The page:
- Cash reserves equal to between six and 24 monthly mortgage payments
- No major credit problems in your recent past, such as bankruptcies or foreclosures
- Full documentation of all sources of income including tax returns, paystubs, CPA letters and IRS validation of all filed tax forms
How to get the best jumbo refinance rates
Jumbo lenders typically set interest rates based on their own standards. Shopping for the best jumbo refinance rates could save you thousands or even hundreds of thousands of dollars over the life of the loan.
You’ll typically snag the best jumbo mortgage refinance rates if you:
- Have a high credit score. Although 700 is the minimum, jumbo lenders may reward higher-credit-score borrowers with lower rates and closing costs.
- Don’t borrow the maximum. Jumbo lenders may offer a lower rate if you’ve built up substantial equity and just want to refinance to save on your monthly payment (and not tap equity).
- Have large deposit balances at local or investment banks. Institutional banks may offer special jumbo refinance rates if you have a substantial cash or investment portfolio with them.
- Avoid niche jumbo loan programs. Some jumbo lenders offer special programs to make jumbo refinance qualification easier, such as using bank statements instead of tax returns to prove income. These flexibilities usually require you to pay a premium in the form of a higher interest rate.
Choose the right type of jumbo mortgage refinance
Jumbo rate-and-term refinance
If current jumbo rates are lower than what you’re paying, you can replace your loan with a rate-and-term refinance. If you can afford a higher payment, you’ll pay your loan off faster and save thousands in interest charges by switching to a shorter-term, such as a 15-year fixed-rate jumbo loan.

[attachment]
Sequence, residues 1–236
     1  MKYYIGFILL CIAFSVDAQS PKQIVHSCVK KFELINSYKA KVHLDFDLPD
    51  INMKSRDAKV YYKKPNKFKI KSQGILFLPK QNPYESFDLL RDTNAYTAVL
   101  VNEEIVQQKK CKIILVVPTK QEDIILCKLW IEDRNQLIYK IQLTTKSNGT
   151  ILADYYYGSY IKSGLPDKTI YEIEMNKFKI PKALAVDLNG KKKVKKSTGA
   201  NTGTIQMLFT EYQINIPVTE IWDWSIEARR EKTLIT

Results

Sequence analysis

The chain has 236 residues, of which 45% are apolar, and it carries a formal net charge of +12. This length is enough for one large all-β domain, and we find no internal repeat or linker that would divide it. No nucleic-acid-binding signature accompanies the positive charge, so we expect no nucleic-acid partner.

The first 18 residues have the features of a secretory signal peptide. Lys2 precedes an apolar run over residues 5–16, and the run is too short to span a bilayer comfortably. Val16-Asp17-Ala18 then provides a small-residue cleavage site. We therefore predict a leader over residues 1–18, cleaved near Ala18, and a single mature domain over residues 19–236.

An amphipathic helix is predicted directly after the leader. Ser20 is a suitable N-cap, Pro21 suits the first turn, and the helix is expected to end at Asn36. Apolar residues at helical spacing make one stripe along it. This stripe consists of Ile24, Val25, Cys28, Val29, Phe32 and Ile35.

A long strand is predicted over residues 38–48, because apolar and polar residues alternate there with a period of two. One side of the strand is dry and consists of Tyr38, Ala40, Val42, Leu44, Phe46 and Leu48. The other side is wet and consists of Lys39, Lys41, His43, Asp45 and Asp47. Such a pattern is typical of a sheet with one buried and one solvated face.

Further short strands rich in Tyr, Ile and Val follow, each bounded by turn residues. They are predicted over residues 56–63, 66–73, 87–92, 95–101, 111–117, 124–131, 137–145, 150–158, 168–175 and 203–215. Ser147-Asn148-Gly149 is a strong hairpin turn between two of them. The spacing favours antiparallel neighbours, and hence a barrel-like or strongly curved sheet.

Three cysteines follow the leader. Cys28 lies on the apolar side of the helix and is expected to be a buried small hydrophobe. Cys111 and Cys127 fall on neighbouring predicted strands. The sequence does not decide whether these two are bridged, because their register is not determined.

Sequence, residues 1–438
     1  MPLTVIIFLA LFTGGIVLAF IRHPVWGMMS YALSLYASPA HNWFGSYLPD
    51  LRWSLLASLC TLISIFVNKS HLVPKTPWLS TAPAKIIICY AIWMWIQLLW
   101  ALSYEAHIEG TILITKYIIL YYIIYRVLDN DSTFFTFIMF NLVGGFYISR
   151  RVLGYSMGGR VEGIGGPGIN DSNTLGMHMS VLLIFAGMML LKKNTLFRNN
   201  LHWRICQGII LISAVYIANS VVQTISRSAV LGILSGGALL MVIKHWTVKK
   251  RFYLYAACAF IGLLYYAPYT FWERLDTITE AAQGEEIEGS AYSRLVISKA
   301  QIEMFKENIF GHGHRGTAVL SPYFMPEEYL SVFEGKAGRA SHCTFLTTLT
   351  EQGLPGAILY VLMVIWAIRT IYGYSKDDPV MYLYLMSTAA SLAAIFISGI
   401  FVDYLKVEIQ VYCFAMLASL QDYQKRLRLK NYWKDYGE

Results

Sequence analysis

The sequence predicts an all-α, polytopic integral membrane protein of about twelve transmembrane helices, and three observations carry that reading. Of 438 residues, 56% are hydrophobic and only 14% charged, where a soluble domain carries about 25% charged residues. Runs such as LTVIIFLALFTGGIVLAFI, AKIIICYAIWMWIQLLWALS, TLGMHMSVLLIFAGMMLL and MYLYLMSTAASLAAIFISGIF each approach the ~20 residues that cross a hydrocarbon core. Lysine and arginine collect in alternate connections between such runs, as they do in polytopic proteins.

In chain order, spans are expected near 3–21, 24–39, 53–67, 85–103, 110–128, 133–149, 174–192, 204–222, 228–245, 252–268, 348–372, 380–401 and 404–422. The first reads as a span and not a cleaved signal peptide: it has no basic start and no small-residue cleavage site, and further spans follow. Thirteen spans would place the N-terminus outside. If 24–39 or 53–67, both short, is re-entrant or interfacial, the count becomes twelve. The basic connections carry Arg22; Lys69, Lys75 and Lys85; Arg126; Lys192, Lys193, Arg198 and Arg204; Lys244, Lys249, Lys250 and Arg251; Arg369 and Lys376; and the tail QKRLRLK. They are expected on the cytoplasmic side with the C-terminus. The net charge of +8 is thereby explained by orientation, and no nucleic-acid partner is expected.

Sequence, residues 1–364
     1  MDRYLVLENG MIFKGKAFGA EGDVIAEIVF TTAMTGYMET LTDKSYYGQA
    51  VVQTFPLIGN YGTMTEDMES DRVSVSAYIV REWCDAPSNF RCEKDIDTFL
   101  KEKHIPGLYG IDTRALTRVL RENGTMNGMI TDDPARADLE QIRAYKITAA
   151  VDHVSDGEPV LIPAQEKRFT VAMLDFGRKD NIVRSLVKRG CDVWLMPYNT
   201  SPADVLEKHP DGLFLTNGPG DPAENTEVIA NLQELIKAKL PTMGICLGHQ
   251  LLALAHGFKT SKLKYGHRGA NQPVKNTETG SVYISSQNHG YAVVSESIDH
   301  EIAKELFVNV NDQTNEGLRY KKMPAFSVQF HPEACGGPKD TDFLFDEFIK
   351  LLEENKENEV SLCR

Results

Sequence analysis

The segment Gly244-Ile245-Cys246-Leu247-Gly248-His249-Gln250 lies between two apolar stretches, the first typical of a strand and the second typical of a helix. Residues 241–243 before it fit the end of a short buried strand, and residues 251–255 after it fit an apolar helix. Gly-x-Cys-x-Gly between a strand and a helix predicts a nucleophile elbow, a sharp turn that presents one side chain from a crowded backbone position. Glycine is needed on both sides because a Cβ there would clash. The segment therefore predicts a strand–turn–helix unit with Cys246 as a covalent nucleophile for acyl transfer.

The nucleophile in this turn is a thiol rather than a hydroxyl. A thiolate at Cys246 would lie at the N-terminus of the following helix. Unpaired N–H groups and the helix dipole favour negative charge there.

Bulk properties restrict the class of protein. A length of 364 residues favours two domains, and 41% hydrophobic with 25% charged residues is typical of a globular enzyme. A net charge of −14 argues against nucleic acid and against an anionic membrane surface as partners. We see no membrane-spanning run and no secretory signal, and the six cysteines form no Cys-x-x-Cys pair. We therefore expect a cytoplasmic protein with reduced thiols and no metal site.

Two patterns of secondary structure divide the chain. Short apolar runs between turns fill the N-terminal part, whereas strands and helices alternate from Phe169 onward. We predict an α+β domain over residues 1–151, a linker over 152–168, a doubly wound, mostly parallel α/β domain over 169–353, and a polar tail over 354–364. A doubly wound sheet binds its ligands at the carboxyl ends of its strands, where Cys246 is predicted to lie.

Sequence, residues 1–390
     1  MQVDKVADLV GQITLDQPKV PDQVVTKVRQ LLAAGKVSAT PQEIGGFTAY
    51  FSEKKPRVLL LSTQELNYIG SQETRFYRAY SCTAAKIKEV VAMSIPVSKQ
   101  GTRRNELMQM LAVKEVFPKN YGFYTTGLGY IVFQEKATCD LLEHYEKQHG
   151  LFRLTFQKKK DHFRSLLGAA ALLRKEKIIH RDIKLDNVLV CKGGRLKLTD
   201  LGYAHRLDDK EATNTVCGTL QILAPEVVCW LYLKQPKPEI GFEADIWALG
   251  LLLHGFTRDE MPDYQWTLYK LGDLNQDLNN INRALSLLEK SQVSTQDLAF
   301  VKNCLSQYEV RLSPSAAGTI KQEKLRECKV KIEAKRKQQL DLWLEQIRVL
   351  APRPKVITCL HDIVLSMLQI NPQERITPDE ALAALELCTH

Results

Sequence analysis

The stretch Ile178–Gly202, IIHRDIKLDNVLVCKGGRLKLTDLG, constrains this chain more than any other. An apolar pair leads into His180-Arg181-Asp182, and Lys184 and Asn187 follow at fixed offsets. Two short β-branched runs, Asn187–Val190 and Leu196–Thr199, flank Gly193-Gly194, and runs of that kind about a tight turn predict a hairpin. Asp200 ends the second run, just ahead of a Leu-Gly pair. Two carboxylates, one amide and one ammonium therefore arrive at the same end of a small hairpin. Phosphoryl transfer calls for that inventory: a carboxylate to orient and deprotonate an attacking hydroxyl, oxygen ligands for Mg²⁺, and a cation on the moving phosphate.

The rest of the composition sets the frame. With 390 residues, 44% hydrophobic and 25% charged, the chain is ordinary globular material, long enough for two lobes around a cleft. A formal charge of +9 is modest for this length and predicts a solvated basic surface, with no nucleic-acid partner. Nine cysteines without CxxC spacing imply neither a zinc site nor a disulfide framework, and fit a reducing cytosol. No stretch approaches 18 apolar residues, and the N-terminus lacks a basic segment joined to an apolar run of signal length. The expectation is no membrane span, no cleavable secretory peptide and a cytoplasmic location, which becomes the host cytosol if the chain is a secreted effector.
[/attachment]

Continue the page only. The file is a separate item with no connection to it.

Jumbo cash-out refinance
You can convert home equity to cash by borrowing more than you owe with a jumbo cash-out refinance. The extra funds can be used to pay off other debt, purchase an investment property or make home improvements.
Adjustable-rate jumbo refinance mortgage
Jumbo borrowers looking for short-term savings may benefit from a jumbo adjustable-rate mortgage (ARM) refinance. ARMs typically feature a lower rate for a set time such as three, five or seven years, and then adjust based on the terms of the ARM program you choose. They may be a good choice if you’re planning to sell your home before the teaser rate period expires and want to build up some extra savings for a new home.
Interest-only jumbo mortgage refinance
Many lenders offer an interest-only option for jumbo refinance loans. You pay only the interest charges each month for a set time, which makes your monthly payment significantly lower. They may be a good choice for temporary savings on your mortgage payment, as long as you have the resources to make the full payment once the interest-only period ends.
Non-QM jumbo refinance loans
The “QM” in non-QM stands for “qualified mortgage” and relates to requirements set by the Consumer Financial Protection Bureau (CFPB) to verify borrowers can repay a loan. A non-QM loan allows lenders to create “outside-the-box” guidelines to help borrowers who don’t meet standard QM rules qualify for a mortgage.
Although you can expect a higher interest rate, a non-QM jumbo refinance may be worth a look if:
- You are self-employed. Borrowers with complex self-employment financials may opt for bank statement programs that analyze deposits to qualify, rather than tax returns.
- You have a high net worth. Jumbo refinance lenders usually offer some type of asset depletion program, which allows them to divide your total cash assets by a lender-chosen time period and count the result as qualifying income.
FAQs about jumbo refinance loans
Should I refinance from jumbo to conforming?
Yes, if your loan balance is below the maximum conforming loan limit for your area. Conforming loan limits change every year, and if home values have risen since you bought your home, your loan balance may be within the conforming loan balance. Conforming loans are easier to qualify for than jumbo loans and often feature lower rates.
Can I refinance an underwater jumbo mortgage?
In most cases, no. Available underwater loan programs are typically for non-jumbo loans. You may be able to work out a mortgage modification with your current lender or servicer if you contact them directly.
How can I avoid a jumbo mortgage refinance?
Consider a piggyback loan to avoid a jumbo mortgage refinance by taking out two loans instead of one. You borrow up to the maximum conforming loan with a first mortgage and “piggyback” the difference with a home equity loan or home equity line of credit (HELOC), up to the amount you owe.
For example, if your loan balance is $750,000, you could take out a first mortgage for up to the maximum conforming limit of $647,200, and add a HELOC for $102,800 to cover the difference. The combination of the loans allows you to avoid a jumbo loan refinance.